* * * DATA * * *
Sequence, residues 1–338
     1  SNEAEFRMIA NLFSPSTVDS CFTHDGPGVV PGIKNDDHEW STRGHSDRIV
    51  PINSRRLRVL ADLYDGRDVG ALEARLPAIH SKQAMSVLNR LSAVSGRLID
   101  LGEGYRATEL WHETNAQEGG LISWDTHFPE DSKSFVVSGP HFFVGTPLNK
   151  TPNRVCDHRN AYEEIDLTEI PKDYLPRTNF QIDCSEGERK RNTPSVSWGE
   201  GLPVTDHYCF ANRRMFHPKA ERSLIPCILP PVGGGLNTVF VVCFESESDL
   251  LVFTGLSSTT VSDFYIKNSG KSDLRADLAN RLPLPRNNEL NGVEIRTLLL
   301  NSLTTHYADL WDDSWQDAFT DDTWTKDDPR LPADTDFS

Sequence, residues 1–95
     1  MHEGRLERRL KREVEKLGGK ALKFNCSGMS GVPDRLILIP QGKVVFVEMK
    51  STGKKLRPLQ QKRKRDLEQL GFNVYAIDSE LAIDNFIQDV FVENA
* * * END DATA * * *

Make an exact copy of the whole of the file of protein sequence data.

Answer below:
Sequence, residues 1–338
     1  SNEAEFRMIA NLFSPSTVDS CFTHDGPGVV PGIKNDDHEW STRGHSDRIV
    51  PINSRRLRVL ADLYDGRDVG ALEARLPAIH SKQAMSVLNR LSAVSGRLID
   101  LGEGYRATEL WHETNAQEGG LISWDTHFPE DSKSFVVSGP HFFVGTPLNK
   151  TPNRVCDHRN AYEEIDLTEI PKDYLPRTNF QIDCSEGERK RNTPSVSWGE
   201  GLPVTDHYCF ANRRMFHPKA ERSLIPCILP PVGGGLNTVF VVCFESESDL
   251  LVFTGLSSTT VSDFYIKNSG KSDLRADLAN RLPLPRNNEL NGVEIRTLLL
   301  NSLTTHYADL WDDSWQDAFT DDTWTKDDPR LPADTDFS

Sequence, residues 1–95
     1  MHEGRLERRL KREVEKLGGK ALKFNCSGMS GVPDRLILIP QGKVVFVEMK
    51  STGKKLRPLQ QKRKRDLEQL GFNVYAIDSE LAIDNFIQDV FVENA